Copycense Clippings (Nov. 13 to Nov. 19, 2007)
Happy Thanksgiving, and here’s to the free flow of day-after-Thanksgiving sales information, lest your favorite retailer abuse the Copyright Act by threatening or filing bogus DMCA takedown notices that preempt the online distribution of factual information.
Article of the Week
Greg Sandoval. Prince: The Artist Who Formerly Liked the Internet. News.com. Nov. 13, 2007. A superb article on Prince’s sudden and alarming attempts to control every bit of information about him available on the Web. Prince’s behavior has led to (or is connected to) several legal skirmishes, including the infamous EFF-sponsored Lenz v. Universal litigation, in which a mother is suing a record company after the label asked YouTube to remove a video of the plaintiff’s children dancing to the artist’s 1984 hit “Let’s Go Crazy.” This bizarre behavior comes after Prince freely gave away in the U.K. millions of copies of his most recent album, and after a period in which Prince was one of the artists most likely to search for new business models through the Web.
Prince’s tactics are even more bizarre when one considers he is one of the artists most likely to benefit from a return to a music industry in which artists earn money through performance rather than album sales. He already has a headlining live show in Las Vegas (at a club he owns, mind you) for which tickets are more than $100 apiece. And anyone who has been listening to Prince long enough knows that the shows always are better than the recorded performances. (Hello, the Super Bowl? In the rain?) Prince will make his money, and should have enough to manage a soup-to-nuts operation for distributing his content. So in the end, this all is peculiar … and oh so typically Prince. Categories: Film & Video; Music; Visual Art.
Quote of the Week
Food banks are a dominant institution in this country, and they assert their power at the local and state levels by commanding the attention of people of good will who want to address hunger. Their ability to attract volunteers and to raise money approaches that of major hospitals and universities. While none of this is inherently wrong, it does distract the public and policymakers from the task of harnessing the political will needed to end hunger in the United States. …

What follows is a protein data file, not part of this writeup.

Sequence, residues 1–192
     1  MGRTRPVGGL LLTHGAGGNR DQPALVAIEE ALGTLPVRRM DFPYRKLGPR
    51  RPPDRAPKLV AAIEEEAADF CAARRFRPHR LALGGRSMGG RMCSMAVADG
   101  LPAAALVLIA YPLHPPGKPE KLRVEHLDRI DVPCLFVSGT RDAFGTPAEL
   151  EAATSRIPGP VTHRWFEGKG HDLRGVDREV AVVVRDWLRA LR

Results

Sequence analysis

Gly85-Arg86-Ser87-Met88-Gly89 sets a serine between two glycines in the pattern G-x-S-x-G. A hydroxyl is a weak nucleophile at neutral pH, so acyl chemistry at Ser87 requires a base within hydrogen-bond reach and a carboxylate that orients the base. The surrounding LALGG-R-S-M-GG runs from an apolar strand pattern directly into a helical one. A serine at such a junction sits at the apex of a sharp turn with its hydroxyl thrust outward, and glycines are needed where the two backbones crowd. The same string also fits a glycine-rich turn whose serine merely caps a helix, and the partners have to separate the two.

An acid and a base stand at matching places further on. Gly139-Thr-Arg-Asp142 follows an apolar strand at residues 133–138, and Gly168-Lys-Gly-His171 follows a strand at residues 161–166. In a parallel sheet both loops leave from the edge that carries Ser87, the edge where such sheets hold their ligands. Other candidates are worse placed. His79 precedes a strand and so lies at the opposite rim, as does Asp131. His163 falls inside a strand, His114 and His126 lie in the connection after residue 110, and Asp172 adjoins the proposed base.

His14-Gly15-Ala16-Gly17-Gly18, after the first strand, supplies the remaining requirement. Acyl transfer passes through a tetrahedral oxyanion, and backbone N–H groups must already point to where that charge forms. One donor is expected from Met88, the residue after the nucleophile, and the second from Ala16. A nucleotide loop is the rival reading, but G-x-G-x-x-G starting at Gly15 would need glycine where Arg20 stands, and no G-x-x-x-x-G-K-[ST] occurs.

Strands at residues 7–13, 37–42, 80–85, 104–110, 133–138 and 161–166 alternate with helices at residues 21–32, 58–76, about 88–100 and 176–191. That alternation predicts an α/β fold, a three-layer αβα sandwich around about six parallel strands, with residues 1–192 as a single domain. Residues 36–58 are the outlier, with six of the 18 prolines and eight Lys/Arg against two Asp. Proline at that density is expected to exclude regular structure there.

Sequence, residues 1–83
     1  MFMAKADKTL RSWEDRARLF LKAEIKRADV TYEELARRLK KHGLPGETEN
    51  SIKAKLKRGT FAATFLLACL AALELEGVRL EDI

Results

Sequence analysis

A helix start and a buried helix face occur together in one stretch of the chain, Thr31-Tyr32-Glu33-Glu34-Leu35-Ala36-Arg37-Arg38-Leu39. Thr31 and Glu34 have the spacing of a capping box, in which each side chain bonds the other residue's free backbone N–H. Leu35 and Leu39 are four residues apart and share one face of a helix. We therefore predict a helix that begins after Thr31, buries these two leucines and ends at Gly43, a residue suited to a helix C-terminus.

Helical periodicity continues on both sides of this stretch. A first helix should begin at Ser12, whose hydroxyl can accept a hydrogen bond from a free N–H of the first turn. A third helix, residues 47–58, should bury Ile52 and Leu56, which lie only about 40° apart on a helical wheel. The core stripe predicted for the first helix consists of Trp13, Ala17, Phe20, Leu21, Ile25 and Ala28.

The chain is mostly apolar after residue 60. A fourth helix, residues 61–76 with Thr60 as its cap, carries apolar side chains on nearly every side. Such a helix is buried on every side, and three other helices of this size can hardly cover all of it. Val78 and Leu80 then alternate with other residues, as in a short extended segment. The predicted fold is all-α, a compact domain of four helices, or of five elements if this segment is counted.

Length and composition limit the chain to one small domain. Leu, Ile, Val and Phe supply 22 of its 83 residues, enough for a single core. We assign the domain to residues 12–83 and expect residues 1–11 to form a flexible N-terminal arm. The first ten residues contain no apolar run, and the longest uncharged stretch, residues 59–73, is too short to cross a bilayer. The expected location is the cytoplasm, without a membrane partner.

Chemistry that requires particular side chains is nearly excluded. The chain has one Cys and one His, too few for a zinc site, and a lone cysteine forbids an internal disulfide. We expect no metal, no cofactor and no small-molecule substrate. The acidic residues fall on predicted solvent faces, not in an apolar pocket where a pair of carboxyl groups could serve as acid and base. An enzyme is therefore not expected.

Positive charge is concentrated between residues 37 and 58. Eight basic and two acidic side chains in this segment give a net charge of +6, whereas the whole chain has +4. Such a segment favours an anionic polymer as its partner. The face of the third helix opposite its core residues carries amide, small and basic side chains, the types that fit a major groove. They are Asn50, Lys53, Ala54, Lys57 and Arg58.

We know hunger’s cause — poverty. We know its solution — end poverty. Let this Thanksgiving remind us of that task.
Mark Winne. When Handouts Keep Coming, the Food Line Never Ends. WashingtonPost.com. Nov. 18, 2007.
Nate Anderson. Overly-Broad Copyright Law Has Made USA a “Nation of Infringers.” Ars Technica. Nov. 19, 2007. Highlights an interesting paper from University of Utah law professor John Tehranian, which argues “three key trends bear close observation. First, copyright law is increasingly relevant to the daily life of the average American. Second, this
growing pertinence has precipitated a heightened public consciousness over copyright issues. Finally, these two facts have magnified the vast disparity between copyright law and copyright norms and, as a result, have highlighted the need for
reform.” Ars, itself, ask two important (somewhat rhetorical) questions: “What better way could there be to create a nation of constant lawbreakers than to instill in that nation a contempt for its own laws? And what better way to instill contempt than to hand out rights so broad that most Americans simply find them absurd?” Categories: Bundle of Rights; Research.
Asher Moses. Networks Want to Nobble Ad-Skipping. The Age. Nov. 19, 2007. One sign the copyright system is totally out of wack in all sectors of the globe: the broadcast television industry in Australia claims copyright over factual information like television listings, then says companies that make TiVo-like devices can’t have that information because it will help consumers skip commercials. Categories: DRM & Copy Restriction; Film & Video; International.
Randall Stross. What to Do When Goliaths Roar? The New York Times. Nov. 18, 2007. Just in time for the Thanksgiving holiday, a summary of large retailers’ copyright abuse in keeping so-called “Black Friday” (day after Thanksgiving) sales information off the Web. Categories: DMCA; Web & Online.